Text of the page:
Cereals, which include maize, sorghum, millet and rice, are the main staple and cash crops for millions of small-scale farmers in most of sub-Saharan Africa (SSA). However, their production is hugely constrained by insect pests, notably stemborers, the parasitic weed Striga and poor soil fertility. In Africa’s predominantly mixed crop-livestock farming systems, cereals are the main staple food and cash crop for millions of households.
Push-pull is a platform technology developed over the past 20 years by icipe in collaboration with Rothamsted Research, United Kingdom, and partners in eastern Africa. This simple cropping strategy simultaneously addresses the five key constraints of cereal–livestock mixed production systems in Africa – insect pests (stemborers), the parasitic weed Striga (and other weeds), poor soil fertility, soil moisture management, while also fulfilling the need for high quality animal feed.
The push-pull technology involves intercropping cereals with a pest repellent plant, such as desmodium, which drives away or deters stemborers from the target food crop. An attractant trap plant, for instance Napier grass (Pennisetum purpueum), is planted around the border of this intercrop, with the purpose of attracting and trapping the pests. As a result, the food crop is left protected from the pests. In addition, desmodium stimulates suicidal germination of Striga and inhibits its growth.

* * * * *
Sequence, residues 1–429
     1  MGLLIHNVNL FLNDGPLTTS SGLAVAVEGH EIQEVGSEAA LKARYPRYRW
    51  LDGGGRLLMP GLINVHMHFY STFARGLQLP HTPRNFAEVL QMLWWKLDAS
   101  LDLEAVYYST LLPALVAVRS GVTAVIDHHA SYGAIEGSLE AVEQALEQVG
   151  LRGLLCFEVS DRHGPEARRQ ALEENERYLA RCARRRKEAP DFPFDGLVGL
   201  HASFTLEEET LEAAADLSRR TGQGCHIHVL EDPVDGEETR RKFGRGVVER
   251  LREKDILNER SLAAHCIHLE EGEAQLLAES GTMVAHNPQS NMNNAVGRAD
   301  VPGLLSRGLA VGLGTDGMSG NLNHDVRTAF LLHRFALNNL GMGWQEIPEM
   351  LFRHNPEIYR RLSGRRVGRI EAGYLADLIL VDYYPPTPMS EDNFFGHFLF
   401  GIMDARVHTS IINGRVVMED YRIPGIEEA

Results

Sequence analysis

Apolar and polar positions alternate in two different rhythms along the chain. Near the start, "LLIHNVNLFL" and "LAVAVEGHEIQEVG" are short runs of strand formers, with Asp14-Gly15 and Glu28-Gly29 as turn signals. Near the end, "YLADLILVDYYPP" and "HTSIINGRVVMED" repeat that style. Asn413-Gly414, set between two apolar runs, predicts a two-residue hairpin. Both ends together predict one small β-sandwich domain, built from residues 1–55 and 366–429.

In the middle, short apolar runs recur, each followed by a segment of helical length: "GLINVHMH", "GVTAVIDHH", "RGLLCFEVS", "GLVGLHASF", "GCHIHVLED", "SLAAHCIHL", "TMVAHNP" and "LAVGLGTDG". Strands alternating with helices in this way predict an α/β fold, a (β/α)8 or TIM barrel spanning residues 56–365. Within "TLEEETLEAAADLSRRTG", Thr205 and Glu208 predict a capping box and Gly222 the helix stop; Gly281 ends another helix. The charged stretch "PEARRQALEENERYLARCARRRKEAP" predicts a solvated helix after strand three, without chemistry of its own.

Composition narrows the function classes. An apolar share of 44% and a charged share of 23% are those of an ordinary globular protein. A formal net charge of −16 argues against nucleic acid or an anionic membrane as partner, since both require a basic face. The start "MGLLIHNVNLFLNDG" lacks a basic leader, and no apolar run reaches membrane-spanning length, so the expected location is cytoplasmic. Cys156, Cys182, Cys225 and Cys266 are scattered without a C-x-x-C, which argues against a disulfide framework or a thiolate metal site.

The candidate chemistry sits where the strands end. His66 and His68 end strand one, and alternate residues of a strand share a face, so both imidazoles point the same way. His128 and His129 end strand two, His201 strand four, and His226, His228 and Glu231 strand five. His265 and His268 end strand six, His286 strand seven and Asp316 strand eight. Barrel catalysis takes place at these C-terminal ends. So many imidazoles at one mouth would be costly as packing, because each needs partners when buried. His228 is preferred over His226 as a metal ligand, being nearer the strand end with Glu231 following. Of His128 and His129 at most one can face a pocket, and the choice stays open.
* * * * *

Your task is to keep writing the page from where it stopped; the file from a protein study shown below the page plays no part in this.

Push-pull also has significant benefits for dairy farming, since silverleaf desmodium (Desmodium uncinatum) and Napier grass are both high quality animal fodder plants. Additionally, desmodium is an efficient nitrogen fixing legume, which, therefore improves soil fertility. Moreover, because both plants are perennial, push–pull conserves soil moisture and continually improves soil health.
For further information visit the Push-Pull IPM Technology website: http://push-pull.net/
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